Another expedition ship has run aground in the frigid waters of Antarctica.
Quark Expeditions’ 68-passenger Ocean Nova is stuck in Antarctica’s Marguerite Bay, west of Debenham Island and near the Argentine research station San Martin.
An initial report on the incident released by Quark Expeditions indicates there is no imminent danger to the ship or passengers. “There is no sign of leakage of any kind from the vessel,” the report adds.
The grounding, first reported in the English-language media by travel blogger Jeanne LeBlanc of the Hartford Courant, occurred early today.
The Quark Expeditions report says there are 65 passengers on board the ship, including 21 Americans, 17 Britons, eight Canadians, seven Australians, five South Africans and passengers from more than half a dozen other countries.
The report says the captain of the ice-strengthed Ocean Nova, Per Gravesen, attempted but failed to dislodge the vessel today at high tide, which occurred at around 1:00 PM local time, and is waiting for the next high tide tonight to try again. The report blamed “unfavorable weather conditions” for the failure.
A Spanish naval ship, the Hespedrides, is on the way to the site of the incident, as is another Quark vessel, the Clipper Adventurer. Should the second attempt at dislodging the Ocean Nova fail, Quark says it plans to transfer passengers to the Clipper Adventurer for return to Argentina and home.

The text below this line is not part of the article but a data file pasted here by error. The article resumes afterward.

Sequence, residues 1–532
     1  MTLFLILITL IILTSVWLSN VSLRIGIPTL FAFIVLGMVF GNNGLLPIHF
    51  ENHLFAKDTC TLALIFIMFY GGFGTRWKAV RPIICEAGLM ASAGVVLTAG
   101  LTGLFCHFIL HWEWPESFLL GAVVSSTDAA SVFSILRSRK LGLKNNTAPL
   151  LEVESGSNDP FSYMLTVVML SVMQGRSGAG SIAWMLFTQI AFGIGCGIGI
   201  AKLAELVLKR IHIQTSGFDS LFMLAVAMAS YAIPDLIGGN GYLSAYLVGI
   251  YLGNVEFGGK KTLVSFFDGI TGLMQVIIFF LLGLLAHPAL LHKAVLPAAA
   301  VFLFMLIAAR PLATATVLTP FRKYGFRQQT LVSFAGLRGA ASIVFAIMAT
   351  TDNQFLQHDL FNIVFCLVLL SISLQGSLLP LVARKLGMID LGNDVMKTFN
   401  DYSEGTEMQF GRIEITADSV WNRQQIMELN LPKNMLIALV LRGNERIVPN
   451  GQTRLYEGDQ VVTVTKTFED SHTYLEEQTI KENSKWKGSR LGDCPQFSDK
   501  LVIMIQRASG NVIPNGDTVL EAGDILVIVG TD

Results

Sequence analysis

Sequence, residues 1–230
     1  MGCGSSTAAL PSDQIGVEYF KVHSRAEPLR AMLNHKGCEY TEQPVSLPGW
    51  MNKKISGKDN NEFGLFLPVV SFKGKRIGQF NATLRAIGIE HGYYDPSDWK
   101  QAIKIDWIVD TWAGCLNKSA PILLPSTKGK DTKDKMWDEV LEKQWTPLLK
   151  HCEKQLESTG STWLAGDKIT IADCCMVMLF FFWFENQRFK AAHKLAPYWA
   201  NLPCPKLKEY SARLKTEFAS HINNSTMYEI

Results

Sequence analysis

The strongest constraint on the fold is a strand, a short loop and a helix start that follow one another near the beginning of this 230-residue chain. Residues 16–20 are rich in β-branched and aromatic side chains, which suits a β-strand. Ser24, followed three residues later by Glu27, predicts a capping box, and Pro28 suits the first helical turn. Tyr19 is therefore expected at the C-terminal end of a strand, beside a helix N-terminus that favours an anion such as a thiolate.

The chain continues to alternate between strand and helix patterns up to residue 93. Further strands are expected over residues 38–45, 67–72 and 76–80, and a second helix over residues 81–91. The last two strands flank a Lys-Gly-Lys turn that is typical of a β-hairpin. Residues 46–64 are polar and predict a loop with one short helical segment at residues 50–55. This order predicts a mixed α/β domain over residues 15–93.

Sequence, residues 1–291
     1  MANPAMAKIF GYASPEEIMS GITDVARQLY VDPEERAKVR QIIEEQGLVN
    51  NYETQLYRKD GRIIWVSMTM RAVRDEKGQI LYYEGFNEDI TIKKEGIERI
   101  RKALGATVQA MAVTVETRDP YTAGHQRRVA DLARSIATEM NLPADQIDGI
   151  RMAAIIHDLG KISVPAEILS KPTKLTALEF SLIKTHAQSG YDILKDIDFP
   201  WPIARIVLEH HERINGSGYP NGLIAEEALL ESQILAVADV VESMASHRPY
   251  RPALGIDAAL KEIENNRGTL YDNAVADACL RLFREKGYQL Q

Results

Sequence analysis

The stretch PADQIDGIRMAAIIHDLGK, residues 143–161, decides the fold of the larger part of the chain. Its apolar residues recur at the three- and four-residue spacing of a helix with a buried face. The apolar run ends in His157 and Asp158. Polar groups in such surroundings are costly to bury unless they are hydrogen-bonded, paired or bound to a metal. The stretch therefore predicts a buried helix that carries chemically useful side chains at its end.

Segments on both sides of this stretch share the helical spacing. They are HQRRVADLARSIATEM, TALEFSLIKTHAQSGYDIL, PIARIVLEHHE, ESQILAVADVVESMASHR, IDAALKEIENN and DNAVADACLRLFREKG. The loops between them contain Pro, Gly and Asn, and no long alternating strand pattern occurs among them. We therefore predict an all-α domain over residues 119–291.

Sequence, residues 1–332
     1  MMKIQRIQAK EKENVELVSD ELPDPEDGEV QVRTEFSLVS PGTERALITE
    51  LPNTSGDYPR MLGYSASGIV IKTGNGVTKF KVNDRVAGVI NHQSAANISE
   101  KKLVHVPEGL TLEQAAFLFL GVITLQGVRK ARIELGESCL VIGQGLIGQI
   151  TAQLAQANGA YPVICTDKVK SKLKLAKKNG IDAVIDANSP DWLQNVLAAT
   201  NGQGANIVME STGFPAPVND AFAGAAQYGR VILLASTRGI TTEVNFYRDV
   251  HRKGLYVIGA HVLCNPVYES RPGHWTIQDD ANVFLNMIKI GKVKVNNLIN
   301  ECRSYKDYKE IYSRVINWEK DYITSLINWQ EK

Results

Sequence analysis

The incident comes just two months after another expedition ship, the 84-passenger Ushuaia, ran aground near the entrance to Antarctica’s famed Wilhelmina Bay. The Ushuaia eventually was evacuated before being freed by a Chilean tugboat.
Originally built in 1992 to navigate the ice-choked waters of Western Greenland, the 2,118-ton Ocean Nova is one of several dozen small expedition ships that operate adventure cruises to Antarctica each year during the brief Antarctic summer — the period between November and March when the ice around the continent melts back enough to allow visits.
The often-spartan voyages appeal to well-heeled adventurers from around the globe who pay $4,000 per person or more for the chance to see one of the most remote and untrammeled regions on Earth, and they have grown in popularity in recent years. But several other recent incidents have raised concerns about the trips.
Just last year two expedition vessels, G.A.P. Adventures’ Explorer and Hurtigruten’s Fram, were damaged by icebergs. The Explorer eventually sank.